When you are working in the professional services industry, you will sometimes be required to bid for tenders in order to win work. As you have to put your tender documents in something to present them, this is one of the subjects we come across quite a lot. So in hopes of answering a few questions, we will guide you through what exactly tender documents are, what they are for and how to fill them in, in a 4 part special.
What Is A Tender Document?
In simple terms, a tender document is a formal document which is issued to potential suppliers during the tender process. This form enables them to submit information about the project, and helps them to select a preferred supplier. Itâ€™s like a written invitation to submit a proposal, and your reply is the RSVP. Typically when they issue a tender document, the company will select their supplier based on qualification, price, availability and proposed delivery terms.
Whatâ€™s Included In A Tender Document?
While every invitation to tender and set of documents will be different depending on the nature of the project, the basic documents will be the same in each. A standard tender will include:
– Cover Letter
This is a formal letter inviting companies to submit a tender for the supply of the relevant services. it will include crucial information such as completion and return date.
– Invitation to Tender
This note provides the contractor with guidance on how the documents are to be completed.
– Form of Tender
This is a covering document prepared by the client, and signed by the tenderer (thatâ€™s you) to show that you understand the tender, and that you accept the carious terms and conditions and any other specific requirements outlined in the agreement.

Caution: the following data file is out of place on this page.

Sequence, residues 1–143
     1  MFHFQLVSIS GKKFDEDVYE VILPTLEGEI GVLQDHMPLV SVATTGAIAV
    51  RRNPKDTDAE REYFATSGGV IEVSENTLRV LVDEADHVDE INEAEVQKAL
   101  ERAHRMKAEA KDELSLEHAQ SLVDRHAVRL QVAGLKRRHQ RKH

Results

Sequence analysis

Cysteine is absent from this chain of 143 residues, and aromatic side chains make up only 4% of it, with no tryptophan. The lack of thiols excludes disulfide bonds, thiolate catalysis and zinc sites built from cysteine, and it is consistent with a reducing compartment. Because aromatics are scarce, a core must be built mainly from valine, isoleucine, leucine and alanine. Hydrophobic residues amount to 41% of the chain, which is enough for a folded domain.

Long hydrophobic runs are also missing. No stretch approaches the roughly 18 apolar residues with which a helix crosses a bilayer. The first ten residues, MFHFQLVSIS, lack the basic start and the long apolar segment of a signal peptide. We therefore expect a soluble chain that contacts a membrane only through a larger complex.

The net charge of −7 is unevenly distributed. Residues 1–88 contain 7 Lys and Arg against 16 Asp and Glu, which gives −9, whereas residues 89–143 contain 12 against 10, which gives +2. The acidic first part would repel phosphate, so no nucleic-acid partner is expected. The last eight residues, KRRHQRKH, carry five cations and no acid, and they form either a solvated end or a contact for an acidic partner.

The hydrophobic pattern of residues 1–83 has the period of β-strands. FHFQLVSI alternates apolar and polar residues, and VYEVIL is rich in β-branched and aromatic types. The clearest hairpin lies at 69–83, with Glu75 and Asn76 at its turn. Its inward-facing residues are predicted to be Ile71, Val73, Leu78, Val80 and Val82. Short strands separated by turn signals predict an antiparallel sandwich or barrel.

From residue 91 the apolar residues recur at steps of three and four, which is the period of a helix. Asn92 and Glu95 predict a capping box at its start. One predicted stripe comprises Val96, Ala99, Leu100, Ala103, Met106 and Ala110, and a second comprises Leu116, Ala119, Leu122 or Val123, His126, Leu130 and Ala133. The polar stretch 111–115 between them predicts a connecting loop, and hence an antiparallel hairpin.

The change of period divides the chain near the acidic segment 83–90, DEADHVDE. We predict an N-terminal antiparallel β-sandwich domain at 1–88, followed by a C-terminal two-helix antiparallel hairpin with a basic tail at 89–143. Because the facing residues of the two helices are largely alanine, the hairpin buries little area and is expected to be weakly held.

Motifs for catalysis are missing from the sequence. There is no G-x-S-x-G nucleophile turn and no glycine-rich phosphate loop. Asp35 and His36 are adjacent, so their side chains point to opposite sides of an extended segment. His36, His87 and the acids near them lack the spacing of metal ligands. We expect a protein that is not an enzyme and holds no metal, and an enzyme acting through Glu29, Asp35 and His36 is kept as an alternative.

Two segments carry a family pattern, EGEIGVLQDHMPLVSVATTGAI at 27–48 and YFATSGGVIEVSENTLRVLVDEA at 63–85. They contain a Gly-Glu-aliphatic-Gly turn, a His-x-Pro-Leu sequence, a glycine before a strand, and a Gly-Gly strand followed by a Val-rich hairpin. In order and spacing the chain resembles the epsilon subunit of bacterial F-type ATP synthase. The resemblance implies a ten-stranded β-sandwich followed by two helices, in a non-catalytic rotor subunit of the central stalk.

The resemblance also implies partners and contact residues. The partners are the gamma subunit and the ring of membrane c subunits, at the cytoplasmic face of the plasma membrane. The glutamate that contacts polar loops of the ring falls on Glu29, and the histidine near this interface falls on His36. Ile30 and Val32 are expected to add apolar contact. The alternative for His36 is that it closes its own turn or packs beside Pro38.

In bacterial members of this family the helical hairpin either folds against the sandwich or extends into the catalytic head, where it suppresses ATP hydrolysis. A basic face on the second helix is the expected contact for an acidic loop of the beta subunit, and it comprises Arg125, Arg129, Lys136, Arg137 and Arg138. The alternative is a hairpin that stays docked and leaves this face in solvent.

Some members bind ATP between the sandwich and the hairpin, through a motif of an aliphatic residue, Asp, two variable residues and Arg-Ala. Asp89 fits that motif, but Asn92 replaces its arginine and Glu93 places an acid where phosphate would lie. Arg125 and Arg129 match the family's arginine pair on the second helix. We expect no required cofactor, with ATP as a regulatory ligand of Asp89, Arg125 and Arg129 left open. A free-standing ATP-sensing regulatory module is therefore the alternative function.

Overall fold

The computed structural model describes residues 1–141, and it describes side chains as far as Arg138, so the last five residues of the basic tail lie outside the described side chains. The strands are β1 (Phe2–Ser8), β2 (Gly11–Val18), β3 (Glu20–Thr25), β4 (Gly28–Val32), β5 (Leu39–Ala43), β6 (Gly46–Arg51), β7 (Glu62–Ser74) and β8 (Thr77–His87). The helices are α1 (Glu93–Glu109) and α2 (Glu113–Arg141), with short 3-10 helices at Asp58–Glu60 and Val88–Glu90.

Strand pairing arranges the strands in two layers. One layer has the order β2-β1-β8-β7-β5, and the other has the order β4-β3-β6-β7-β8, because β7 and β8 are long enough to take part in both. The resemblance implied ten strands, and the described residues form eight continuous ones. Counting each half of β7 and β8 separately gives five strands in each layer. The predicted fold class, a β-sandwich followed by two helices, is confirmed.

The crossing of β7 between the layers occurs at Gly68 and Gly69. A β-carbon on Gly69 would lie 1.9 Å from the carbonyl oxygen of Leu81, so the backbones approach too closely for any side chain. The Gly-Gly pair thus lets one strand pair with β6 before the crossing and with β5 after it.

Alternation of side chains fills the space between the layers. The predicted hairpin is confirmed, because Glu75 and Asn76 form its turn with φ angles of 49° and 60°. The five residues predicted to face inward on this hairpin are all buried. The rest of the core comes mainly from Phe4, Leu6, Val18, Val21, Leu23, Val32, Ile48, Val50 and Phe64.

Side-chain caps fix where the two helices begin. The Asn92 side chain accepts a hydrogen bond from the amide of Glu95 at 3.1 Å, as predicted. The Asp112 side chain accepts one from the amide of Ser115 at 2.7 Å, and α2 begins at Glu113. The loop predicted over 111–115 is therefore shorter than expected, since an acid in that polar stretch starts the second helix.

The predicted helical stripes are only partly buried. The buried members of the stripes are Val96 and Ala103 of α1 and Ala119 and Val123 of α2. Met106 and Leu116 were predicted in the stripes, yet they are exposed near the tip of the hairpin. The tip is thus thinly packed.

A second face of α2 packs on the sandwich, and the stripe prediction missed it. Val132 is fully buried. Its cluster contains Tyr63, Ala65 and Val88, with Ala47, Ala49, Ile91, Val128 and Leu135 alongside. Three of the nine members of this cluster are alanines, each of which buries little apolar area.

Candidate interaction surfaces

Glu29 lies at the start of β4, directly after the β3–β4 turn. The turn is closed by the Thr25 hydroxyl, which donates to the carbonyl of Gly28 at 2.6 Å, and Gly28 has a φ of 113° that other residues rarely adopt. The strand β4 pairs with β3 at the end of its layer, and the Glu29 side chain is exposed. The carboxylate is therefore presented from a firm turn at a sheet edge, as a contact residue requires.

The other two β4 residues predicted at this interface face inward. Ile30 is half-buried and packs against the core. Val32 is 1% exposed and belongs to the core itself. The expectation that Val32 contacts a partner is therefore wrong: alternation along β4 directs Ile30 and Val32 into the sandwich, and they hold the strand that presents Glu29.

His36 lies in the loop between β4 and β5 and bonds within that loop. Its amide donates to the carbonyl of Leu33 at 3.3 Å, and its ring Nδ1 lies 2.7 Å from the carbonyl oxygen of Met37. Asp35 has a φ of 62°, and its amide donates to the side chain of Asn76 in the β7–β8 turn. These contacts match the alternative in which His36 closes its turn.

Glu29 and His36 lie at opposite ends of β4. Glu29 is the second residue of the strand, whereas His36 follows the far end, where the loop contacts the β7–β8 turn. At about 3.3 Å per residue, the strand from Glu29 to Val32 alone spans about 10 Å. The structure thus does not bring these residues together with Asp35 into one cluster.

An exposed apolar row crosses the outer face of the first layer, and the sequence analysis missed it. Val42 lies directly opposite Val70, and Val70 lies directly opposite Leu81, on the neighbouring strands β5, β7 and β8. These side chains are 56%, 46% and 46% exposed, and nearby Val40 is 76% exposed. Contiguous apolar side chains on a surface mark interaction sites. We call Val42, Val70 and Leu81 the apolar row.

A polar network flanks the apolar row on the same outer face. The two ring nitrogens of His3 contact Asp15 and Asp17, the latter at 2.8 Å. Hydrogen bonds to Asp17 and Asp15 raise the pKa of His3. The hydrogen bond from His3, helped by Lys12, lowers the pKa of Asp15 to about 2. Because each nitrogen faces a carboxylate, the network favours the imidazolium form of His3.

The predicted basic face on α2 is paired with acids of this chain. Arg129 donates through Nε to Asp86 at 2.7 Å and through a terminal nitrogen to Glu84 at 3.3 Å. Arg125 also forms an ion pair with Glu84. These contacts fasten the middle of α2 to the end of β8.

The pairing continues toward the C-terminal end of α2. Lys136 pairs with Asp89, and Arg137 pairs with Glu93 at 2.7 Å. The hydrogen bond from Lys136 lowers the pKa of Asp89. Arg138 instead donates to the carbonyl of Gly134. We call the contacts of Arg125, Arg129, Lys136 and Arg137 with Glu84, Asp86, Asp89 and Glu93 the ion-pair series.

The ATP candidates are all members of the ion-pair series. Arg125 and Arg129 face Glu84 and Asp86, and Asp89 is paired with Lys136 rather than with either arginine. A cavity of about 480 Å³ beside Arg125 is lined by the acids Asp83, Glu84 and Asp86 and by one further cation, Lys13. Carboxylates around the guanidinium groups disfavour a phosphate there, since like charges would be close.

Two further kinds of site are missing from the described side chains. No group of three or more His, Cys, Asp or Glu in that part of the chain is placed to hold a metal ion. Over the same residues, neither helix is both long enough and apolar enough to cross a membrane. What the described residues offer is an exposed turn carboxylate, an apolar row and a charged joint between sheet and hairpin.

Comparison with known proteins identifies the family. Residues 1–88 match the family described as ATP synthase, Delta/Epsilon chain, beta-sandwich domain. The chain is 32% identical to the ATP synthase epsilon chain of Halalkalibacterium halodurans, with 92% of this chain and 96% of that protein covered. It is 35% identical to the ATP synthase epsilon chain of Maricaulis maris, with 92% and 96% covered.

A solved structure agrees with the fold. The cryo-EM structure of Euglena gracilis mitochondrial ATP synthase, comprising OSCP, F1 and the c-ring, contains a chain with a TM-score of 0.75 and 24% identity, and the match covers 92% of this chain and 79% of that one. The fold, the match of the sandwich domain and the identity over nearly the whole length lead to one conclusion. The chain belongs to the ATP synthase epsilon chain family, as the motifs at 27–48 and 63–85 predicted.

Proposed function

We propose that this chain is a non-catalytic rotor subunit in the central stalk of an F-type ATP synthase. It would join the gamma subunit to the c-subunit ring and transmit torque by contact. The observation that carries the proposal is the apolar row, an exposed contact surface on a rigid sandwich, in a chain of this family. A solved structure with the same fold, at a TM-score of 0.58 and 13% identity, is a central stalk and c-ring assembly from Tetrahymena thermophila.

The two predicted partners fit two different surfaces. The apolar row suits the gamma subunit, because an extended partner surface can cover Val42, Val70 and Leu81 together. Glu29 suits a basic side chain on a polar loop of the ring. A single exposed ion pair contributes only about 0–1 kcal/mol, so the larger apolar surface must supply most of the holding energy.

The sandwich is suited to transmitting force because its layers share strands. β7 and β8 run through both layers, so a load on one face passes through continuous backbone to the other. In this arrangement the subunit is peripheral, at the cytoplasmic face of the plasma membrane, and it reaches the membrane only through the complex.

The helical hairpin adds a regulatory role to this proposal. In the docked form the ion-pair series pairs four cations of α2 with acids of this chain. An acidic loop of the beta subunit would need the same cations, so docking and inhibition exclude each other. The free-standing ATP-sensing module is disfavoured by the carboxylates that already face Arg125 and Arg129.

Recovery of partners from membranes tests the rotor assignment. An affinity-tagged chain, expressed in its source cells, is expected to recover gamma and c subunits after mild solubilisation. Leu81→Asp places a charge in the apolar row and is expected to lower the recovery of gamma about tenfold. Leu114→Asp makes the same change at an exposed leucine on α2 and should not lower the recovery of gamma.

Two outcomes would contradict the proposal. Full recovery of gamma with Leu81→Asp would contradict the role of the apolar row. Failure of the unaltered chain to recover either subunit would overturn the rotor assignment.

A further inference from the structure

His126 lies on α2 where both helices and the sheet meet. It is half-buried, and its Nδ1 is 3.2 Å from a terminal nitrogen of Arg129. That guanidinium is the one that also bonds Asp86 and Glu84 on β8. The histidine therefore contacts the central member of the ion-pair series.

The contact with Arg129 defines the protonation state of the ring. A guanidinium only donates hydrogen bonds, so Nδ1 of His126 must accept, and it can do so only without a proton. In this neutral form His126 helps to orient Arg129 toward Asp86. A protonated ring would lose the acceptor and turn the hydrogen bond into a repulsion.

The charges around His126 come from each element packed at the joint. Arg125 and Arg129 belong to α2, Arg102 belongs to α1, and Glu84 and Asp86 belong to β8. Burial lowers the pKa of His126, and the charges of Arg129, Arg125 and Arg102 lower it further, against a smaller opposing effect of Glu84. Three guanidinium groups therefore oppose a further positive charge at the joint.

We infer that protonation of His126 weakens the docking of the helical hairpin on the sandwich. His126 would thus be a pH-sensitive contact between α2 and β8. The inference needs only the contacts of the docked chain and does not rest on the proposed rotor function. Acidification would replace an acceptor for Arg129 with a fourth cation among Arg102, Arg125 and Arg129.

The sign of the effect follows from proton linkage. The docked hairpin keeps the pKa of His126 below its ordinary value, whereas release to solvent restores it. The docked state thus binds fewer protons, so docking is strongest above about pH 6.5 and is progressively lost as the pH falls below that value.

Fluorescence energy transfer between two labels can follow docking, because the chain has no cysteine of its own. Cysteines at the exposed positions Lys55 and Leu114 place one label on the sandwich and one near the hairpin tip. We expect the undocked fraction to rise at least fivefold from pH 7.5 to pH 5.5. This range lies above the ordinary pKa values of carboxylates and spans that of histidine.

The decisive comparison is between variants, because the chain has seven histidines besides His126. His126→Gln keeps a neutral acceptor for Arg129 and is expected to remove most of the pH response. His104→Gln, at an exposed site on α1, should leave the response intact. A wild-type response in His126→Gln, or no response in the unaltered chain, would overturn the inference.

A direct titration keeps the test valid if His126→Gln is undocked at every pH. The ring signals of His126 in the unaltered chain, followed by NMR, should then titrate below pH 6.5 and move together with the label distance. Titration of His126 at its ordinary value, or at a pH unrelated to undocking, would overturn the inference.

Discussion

– Terms and Conditions of Contract
This part contains all the legalities- the terms and conditions that set out the legal framework and obligations of both parties. Most authorities have their own standard contracts, but some are tailored specifically to the project. Make sure you read all of the fine print in these.
– Bill of Quantities
This is used as the basis for submitting the bid, and all prices are entered for carrying out all of the works.Â It assists the tenderer in producing an estimate for costs, and it help ensure that all tenderers are pricing for the same qualities. It also makes the tender system fair and accurate â€“ and separates the tenderers based on pricing.
– Design Drawings
Clear and concise documents usually about the construction site and any related feature works. Theyâ€™re an essential part of informing tenderers of exactly what is required for them to complete all the works.
This document lays out the specification of the project, and exactly what needs to be achieved. This includes the materials to be used and the workmanship standards, but does not include cost, quantity or any official drawings. This means they need to be read alongside the other tendering documents.
– Quality Requirements
This section takes the form of a questionnaire, and asks about how the tenderer intends to provide the service and requires supporting evidence. This will be used to evaluate the quality of the bid.
– Tender Evaluation Criteria
This document describes how the tender should be submitted, and the parameters by which the tender will be evaluated and the contract awarded.
– Tender Return Label
This states the time and date the tender should be returned by.
– Pre-construction Information
This document is a legal requirement, and must contain all the relevant information about the project in the clients possession.